Five years after graduating with a double major in English and education, I decided to apply for a teaching certificate in Massachusetts. This spring, the state introduced two, four-hour teachers' tests that all certificate applicants must pass: a communication and literacy skills test and a subject area test. After the first two test administrations resulted in high failure rates, media reports blamed the poor performance on everything from incompetent examinees to unfair tests.
The launch of the test was peppered with problems. The first two groups of test-takers, who sat for the test in April and July, were told that qualifying scores wouldn't be set until after their tests and not used until the Oct. 3 testing. Yet the state failed large percentages of these would-be teachers.
When I received my registration bulletin for the October test, it still wasn't clear what the passing scores were. In addition, the bulletin mentioned a study guide that was prepared and available through the testing organization. In early August I requested a copy of the guide and was told that it had not yet been produced. On Sept. 23, I finally received a test-information booklet which had just been printed that month.
In preparation for the communication and literacy skills test, I reread a junior-high English grammar text. I found it helpful to review definitions of parts of speech and some of the more obscure grammar rules. The sample questions provided in the information booklet were fairly straightforward.
The booklet gave only one sample question for the English subject area test. The test objectives concerned me because a number of the topics were ones I never covered in my college coursework.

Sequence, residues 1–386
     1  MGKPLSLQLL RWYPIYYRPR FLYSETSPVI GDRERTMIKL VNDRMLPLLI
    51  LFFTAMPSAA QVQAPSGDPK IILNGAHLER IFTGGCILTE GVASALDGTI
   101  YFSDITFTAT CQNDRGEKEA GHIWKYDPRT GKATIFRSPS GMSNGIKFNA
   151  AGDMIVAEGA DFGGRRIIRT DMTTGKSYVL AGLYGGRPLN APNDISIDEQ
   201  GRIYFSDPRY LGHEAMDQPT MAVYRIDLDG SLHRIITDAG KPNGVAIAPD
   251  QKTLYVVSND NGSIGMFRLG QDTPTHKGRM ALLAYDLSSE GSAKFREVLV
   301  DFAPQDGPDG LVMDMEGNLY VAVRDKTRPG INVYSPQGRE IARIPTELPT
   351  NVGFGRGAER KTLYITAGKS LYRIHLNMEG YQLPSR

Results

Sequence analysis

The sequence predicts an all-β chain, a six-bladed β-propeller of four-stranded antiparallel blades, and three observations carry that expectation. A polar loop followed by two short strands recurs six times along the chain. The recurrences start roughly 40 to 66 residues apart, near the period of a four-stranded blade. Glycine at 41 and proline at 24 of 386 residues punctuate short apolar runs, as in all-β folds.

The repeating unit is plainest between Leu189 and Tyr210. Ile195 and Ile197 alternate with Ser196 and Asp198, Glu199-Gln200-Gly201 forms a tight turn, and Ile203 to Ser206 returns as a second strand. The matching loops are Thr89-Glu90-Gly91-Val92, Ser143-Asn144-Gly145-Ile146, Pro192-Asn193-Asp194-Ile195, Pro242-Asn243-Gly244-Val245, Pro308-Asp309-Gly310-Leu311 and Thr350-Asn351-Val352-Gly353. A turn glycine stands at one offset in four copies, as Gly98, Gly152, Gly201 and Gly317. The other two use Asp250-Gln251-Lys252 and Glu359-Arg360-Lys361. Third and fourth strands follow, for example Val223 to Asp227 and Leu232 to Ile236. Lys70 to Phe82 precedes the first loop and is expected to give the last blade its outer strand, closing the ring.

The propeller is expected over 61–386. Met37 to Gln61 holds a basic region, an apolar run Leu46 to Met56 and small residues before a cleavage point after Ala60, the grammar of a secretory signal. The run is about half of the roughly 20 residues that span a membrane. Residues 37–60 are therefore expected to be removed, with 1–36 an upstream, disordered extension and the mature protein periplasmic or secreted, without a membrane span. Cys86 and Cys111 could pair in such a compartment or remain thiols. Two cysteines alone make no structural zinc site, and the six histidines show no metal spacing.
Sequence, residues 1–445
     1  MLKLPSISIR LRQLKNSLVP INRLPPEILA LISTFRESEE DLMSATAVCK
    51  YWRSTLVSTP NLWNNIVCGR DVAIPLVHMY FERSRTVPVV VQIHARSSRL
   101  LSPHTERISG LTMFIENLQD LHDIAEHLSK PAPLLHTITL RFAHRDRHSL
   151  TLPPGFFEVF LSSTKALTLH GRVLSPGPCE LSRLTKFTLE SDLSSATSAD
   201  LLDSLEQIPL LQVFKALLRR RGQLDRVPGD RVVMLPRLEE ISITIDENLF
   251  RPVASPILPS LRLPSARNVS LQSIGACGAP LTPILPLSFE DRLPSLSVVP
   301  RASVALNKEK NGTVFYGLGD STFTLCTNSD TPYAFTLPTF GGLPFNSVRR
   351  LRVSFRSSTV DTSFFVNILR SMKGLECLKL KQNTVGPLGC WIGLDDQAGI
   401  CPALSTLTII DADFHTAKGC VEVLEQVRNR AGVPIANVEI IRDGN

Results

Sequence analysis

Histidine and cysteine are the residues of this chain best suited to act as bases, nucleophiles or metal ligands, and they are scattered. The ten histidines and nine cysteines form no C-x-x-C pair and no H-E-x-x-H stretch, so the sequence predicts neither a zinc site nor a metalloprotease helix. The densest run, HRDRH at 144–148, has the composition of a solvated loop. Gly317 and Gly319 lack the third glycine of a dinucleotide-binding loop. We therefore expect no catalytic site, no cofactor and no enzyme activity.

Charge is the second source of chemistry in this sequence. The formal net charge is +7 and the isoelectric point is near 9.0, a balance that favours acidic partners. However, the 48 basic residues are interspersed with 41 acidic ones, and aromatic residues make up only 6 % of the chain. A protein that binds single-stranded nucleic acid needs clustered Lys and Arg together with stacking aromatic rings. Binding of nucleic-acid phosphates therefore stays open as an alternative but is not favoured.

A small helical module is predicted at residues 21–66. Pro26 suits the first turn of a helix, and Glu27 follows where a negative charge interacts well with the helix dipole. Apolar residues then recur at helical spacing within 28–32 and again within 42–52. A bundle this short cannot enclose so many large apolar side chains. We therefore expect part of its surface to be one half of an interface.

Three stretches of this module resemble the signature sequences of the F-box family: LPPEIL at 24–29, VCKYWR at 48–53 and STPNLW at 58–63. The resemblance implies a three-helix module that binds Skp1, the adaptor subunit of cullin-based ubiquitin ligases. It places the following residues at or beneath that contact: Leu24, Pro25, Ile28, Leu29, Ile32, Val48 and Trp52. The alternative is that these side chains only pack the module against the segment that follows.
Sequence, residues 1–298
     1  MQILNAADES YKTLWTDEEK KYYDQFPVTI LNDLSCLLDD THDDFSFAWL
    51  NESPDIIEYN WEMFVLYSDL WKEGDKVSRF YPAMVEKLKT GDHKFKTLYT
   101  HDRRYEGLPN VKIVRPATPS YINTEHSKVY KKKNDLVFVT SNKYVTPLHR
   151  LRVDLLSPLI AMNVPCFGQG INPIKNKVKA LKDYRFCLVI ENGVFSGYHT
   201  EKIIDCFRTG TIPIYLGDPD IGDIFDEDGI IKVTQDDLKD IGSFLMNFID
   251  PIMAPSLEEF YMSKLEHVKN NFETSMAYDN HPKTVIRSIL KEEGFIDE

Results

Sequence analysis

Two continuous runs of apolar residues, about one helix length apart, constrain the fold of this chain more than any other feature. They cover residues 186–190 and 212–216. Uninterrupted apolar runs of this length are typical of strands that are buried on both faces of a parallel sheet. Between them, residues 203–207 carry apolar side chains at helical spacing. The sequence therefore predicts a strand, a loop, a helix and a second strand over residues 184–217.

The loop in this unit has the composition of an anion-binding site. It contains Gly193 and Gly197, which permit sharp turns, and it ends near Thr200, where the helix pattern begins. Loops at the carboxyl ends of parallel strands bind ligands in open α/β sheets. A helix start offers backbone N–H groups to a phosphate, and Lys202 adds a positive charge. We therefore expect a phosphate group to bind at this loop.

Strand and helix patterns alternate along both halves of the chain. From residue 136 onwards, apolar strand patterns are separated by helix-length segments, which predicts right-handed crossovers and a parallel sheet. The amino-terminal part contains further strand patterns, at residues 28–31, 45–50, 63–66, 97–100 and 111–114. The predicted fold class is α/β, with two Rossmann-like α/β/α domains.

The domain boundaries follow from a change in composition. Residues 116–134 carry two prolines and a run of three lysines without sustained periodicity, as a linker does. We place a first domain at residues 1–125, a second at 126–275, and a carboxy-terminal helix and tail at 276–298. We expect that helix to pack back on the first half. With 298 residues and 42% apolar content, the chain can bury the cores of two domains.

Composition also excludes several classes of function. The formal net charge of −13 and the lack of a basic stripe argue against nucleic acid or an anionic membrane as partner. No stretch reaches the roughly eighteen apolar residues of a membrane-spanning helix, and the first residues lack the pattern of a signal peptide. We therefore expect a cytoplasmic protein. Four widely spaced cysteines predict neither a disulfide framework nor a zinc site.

At the test site, I was in a cramped classroom crunched into a tiny high-school desk. The desk surface was only slightly bigger than the answer sheet I had to write on, so I had to hold my question booklet the whole time. The sun was in my eyes, but the test monitor wouldn't let us turn our desks a bit to shade our eyes. Although these conditions were poor, I finished feeling that the communication and literacy skills test itself was reasonable.
Within a half hour, I was back for the English subject test. I found this test very difficult. A number of the questions related to specific authors, periods, styles, and literary theories that my college coursework hadn't covered. Although I studied various periods of British and American literature, I didn't take classes specifically focused on journalism, world literature, minority literature, or the history of English. I could frequently narrow the answer down to two choices, but I didn't know enough detail to be sure of one answer. The world of literature is very broad, and I doubt that any undergraduate English program covers all the areas included in this test.
If the majority of the failing examinees failed the communication and literacy skills test, I understand the uproar about incompetence. Well-educated high school students, and certainly prospective teachers, should be able to answer most of the questions. If most people actually failed the subject-area test, however, I understand the outcries about an unfair test. I'd have to take an additional set of college courses to cover all the material included in that test. I plan to teach middle-school English. I feel that my college program prepared me well for that work, but I'd need a master's degree in English to feel confident taking that test again.
* Sandy Nager, who holds a degree in English and education, looks forward to receiving her test results soon.